Times may change, but the need for essential game care tools still persists.
It is a fact that over time, things change and that evolution is generally coupled with performance enhancement. Primitive men used some form of chipped stone edged tool or similar material to Continue reading Essential Edges→
A new do-it-all combo from Timberline Knives can handle all of the necessary chores associated with big game field care, including gutting, skinning, cape removal and blade edge restoration.
In-the-field game care can involve a number of different activities, including: the extraction of the internal viscera (gutting), separation of the hide from the musculature (skinning) and head skin cape removal (trophy work). Many hunters employ a single multi-purpose knife, with either a clip or drop-point pattern blade for all of these chores.
Even though cape removal can be accomplished with a single multi-purpose hunting knife, the use of a more scalpel-like blade pattern will make the assignment easier and provide more efficient use of both time and effort. Since I do all of my own trophy work, in addition to either a fixed-blade or folding hunting knife, I also carry a caping knife. However, since there’s a limit to just how many different pieces of equipment that can be carried on my belt, the caper is all too often forgotten or left behind.
Fortunately, my friends at Timberline Knife and Tool have come up with a solution to the problem of having all the right edged tools for big game gutting, skinning and caping on your person. Designed by Tim Wegner, the founder of Blade-Tech, who created several knives for his own company and other cutlery manufacturers, the Big Game Combo Pack is a lightweight and unique gathering of two lock-blade folders and a edge restoration tool in a single lightweight, belt-carried unit.
The Timberline Simba GHS (Model 6510) is named after the Swahili word meaning “Lion.” This folder is largest of the two knives in the combo and features a 3.4-inch, modified drop-point pattern, D-2 tool steel blade, hardened to 60 HRC. D-2 blade steel has earned a solid reputation as a tough, chip-resistant, upscale blade material for use in hard-working knives. While not classified as stainless steel (it is just one percent under the stainless formulation minimum), nonetheless, the steel is extremely stain resistant and has been referred to as “semi-stainless” by many makers. The blade pattern is a high taper, modified drop-point, with a one-hand opening hole for thumb engagement. Also, there are two short sections of rounded serrations (jimping), one can be used as a thumb rest and the other for forefinger positioning when involved in more detailed work.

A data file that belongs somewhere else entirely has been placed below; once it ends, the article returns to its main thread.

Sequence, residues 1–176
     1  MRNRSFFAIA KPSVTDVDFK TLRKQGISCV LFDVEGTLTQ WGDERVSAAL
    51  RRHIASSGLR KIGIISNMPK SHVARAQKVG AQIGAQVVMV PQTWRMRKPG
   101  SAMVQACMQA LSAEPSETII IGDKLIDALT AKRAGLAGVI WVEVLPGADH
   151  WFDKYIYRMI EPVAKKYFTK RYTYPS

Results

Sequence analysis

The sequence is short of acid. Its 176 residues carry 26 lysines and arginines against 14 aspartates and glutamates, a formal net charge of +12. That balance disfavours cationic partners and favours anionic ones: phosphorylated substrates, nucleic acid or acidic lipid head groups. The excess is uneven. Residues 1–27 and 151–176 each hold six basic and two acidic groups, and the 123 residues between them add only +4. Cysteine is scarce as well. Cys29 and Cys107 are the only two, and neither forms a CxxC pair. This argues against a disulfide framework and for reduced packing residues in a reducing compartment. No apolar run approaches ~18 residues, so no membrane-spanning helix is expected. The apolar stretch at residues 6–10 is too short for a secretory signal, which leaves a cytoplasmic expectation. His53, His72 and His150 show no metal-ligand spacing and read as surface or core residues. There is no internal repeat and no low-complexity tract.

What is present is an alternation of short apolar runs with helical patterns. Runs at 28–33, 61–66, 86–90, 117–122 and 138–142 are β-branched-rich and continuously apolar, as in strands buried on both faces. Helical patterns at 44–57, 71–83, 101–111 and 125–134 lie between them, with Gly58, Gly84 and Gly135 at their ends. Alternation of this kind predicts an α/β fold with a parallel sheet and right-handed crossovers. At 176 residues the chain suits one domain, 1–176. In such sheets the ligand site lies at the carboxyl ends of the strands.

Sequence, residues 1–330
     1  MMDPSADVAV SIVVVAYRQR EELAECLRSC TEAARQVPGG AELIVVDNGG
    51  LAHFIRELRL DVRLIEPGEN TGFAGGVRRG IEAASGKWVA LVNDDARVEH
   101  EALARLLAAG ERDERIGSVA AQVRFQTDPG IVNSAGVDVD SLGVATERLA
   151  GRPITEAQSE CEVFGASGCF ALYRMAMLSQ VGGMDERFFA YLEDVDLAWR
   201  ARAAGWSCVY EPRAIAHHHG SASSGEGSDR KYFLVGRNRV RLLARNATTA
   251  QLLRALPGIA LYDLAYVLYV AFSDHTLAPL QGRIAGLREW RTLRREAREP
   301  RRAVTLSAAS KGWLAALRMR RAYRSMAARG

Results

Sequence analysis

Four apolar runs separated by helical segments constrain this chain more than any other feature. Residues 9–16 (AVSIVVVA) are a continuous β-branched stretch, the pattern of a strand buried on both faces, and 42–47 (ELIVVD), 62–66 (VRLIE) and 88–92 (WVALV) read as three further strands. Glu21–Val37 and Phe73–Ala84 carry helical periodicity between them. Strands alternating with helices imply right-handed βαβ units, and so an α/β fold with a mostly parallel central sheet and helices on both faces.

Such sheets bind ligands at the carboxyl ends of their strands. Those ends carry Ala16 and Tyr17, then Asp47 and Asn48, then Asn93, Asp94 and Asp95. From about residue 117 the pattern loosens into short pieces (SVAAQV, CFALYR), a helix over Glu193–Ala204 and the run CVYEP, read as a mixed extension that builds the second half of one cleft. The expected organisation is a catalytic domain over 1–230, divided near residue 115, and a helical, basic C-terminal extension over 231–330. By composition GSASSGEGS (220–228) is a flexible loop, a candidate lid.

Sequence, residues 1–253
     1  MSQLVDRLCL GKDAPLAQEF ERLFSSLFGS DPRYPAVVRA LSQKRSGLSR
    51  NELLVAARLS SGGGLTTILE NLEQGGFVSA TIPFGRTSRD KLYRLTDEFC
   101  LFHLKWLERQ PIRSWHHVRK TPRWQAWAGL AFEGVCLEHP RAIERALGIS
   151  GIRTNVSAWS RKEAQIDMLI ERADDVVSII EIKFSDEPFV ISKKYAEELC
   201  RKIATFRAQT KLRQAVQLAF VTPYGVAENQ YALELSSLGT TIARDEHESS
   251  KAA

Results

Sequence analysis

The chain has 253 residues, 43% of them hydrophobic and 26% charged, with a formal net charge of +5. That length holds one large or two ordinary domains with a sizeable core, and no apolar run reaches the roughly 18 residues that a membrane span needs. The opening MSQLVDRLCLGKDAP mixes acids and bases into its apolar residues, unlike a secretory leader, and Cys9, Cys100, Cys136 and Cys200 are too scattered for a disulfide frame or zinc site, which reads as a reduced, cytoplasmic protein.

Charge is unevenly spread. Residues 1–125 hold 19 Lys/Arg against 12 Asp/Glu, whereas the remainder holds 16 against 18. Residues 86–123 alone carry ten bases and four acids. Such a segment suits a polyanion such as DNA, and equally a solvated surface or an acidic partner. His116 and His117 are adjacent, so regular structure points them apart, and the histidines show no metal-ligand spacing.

The knife also has an auxiliary gutting blade attached externally to the 420 stainless frame liners, which rotates out of a cutout in the handle scale. A small detent holds the gutting blade open and a stud is mounted on the blade to allow easy thumb opening. Frame liners, as well as a liner positioned blade locking mechanism, are mounted into (“pocketed”) the dual layer G-10 handle scales. In keeping with the name of the knife, a series of small lion tracks are cut into the external handle scales. The tracks not only give a distinctive look, but also provide enhanced hand-to-knife contact. The knife also features a handle-mounted, attachment clip, allowing optional left-or-right, tip-or-down positioning when carried by itself.
The companion knife in this combo is the Timberline Chui GHS (Model 6520), so named for the Swahili word for leopard. This knife features as 3.0-inch, high taper grind, drop-point pattern blade, crafted from D-2 tool steel and hardened to 60 HRC for enhanced edge retention. While this knife possesses many of the same features (liner blade lock, G-10 handle scales and left-or-right clip) found on the larger companion Simba folder, however, the overall profile is much slimmer and the blade far more pointed for detailed trophy work.
Teamed with these two folders and contained in the same rugged belt case is a GATCO (Great American Tool Company) sharpener. This edge restoration tool is dual-sided and has a pair of pre-angled carbide tips, as well as a pair of similarly positioned ceramic sharpening rods. Easily employed by simply drawing a dull blade, first through the carbide tips to set the edge, then repeat the procedure using the ceramic rods to smoothly hone the edge. This is the easiest, quickest and most efficient knife sharpener I’ve ever used. And since it’s right in the same belt case as the knives, it’s never left behind.
Timberline Knives has done its homework with this combo set. Designed by a serious hunter who knows what it takes to deal with every aspect of field care¾from basic evisceration, to hide removal and including detailed trophy work. In addition, each of the knives can be carried individually by removal from the case and employing the clip as an attachment mechanism. This is absolutely the best big game field care combo I’ve ever seen. It’s lightweight, versatile and fully functional. For more information, contact: Timberline Knife and Tool at 7223 Boston State Rd., Harrisburg, NY 14075, (800) 548-7427, or go to www.gatcosharpeners.com.– Durwood Hollis